Russ Feingold is a rarity in American politics. A staunch civil libertarian, he was the only member of the U.S. Senate who voted against the ill-conceived USA Patriot Act that was rushed through Congress in the wake of the September 11 terrorist attacks. In 2002, while the Bush administration's fabrications and scare tactics persuaded an overwhelming majority of the Senate to vote for the Iraq war resolution, Feingold opposed it. Washington insiders thought such controversial votes could doom Feingold's 2004 reelection. But he won by a near landslide, far outdistancing his party's presidential candidate, John Kerry.
Sanford D. Horwitt writes in this timely, compelling independent biography that Russ Feingold "represents the progressive side of the Democratic divide more clearly and authentically than any successful politician on the national stage." The third-term senator's willingness to take bold stands -- he was the first in the Senate to call for a timetable for redeploying U.S. troops from Iraq -- has inspired a growing number of rank-and-file Democrats across the country.
Drawing on scores of interviews and historical documents, Horwitt shows that Feingold's authenticity is deeply rooted in the old progressive tradition personified by one of his heroes, Robert M. La Follette, the legendary Wisconsin governor and U.S. senator. "Fighting Bob" and the other great reformers of the Progressive Era placed a high value on honest, efficient government, investment in public education, health and infrastructure, and curbs on corporate power and other wealthy interests in the political process.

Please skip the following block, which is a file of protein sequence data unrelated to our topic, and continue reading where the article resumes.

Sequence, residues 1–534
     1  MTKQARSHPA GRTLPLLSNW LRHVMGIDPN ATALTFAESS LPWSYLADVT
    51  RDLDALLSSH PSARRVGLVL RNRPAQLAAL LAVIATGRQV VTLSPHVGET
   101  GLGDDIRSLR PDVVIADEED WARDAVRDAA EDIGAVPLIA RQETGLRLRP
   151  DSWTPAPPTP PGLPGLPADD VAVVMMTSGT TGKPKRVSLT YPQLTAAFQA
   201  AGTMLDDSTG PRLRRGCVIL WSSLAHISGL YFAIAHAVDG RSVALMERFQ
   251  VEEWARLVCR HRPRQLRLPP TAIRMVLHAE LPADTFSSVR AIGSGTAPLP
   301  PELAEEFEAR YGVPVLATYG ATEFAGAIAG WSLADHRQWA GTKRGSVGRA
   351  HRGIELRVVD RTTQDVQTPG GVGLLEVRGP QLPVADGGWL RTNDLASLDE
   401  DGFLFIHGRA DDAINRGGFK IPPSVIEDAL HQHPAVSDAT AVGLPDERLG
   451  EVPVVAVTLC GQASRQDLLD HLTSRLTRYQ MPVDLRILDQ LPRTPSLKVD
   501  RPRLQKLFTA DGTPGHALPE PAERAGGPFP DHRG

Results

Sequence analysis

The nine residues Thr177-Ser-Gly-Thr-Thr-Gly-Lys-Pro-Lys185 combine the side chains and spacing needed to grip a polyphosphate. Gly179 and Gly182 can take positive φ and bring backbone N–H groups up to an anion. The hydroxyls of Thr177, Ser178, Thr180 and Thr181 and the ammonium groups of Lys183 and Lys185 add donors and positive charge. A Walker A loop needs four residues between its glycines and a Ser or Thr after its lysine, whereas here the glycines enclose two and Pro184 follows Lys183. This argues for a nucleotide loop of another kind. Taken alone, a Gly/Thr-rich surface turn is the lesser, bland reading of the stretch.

Feingold became known to a national audience when he teamed up with Republican John McCain on campaign finance reform legislation. After a seven-year battle, the McCain-Feingold bill became the first major reform of the campaign laws since the Watergate era.
Feingold, who grew up in a small southeastern Wisconsin town, is a man of modest means and the grandson of Jewish immigrants. In this lively portrait, Horwitt evokes mid-century Janesville, a Republican stronghold on the banks of the Rock River, where a precocious Rusty Feingold absorbed lifelong lessons about the importance of community and personal integrity.
Beginning with his first election to public office, he has defied conventional political wisdom and long odds, Horwitt tells us, a pattern that has been repeated throughout his career. Feingold has shown how a new, reinvigorated Democratic Party can stand for progressive ideals, resist the corrupting influence of special interests and win elections.